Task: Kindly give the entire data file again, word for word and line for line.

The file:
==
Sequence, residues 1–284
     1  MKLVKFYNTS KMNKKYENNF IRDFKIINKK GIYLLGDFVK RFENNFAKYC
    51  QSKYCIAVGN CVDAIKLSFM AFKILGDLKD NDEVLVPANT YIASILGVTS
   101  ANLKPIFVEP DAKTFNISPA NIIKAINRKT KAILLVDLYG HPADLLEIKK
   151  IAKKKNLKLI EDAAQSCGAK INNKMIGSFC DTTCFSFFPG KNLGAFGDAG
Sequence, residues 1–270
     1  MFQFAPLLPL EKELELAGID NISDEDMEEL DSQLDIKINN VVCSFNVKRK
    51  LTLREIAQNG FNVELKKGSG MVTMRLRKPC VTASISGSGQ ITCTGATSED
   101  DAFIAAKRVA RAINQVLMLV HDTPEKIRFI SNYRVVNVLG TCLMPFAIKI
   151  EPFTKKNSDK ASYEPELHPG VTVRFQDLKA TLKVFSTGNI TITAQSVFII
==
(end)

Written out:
Sequence, residues 1–284
     1  MKLVKFYNTS KMNKKYENNF IRDFKIINKK GIYLLGDFVK RFENNFAKYC
    51  QSKYCIAVGN CVDAIKLSFM AFKILGDLKD NDEVLVPANT YIASILGVTS
   101  ANLKPIFVEP DAKTFNISPA NIIKAINRKT KAILLVDLYG HPADLLEIKK
   151  IAKKKNLKLI EDAAQSCGAK INNKMIGSFC DTTCFSFFPG KNLGAFGDAG
Sequence, residues 1–270
     1  MFQFAPLLPL EKELELAGID NISDEDMEEL DSQLDIKINN VVCSFNVKRK
    51  LTLREIAQNG FNVELKKGSG MVTMRLRKPC VTASISGSGQ ITCTGATSED
   101  DAFIAAKRVA RAINQVLMLV HDTPEKIRFI SNYRVVNVLG TCLMPFAIKI
   151  EPFTKKNSDK ASYEPELHPG VTVRFQDLKA TLKVFSTGNI TITAQSVFII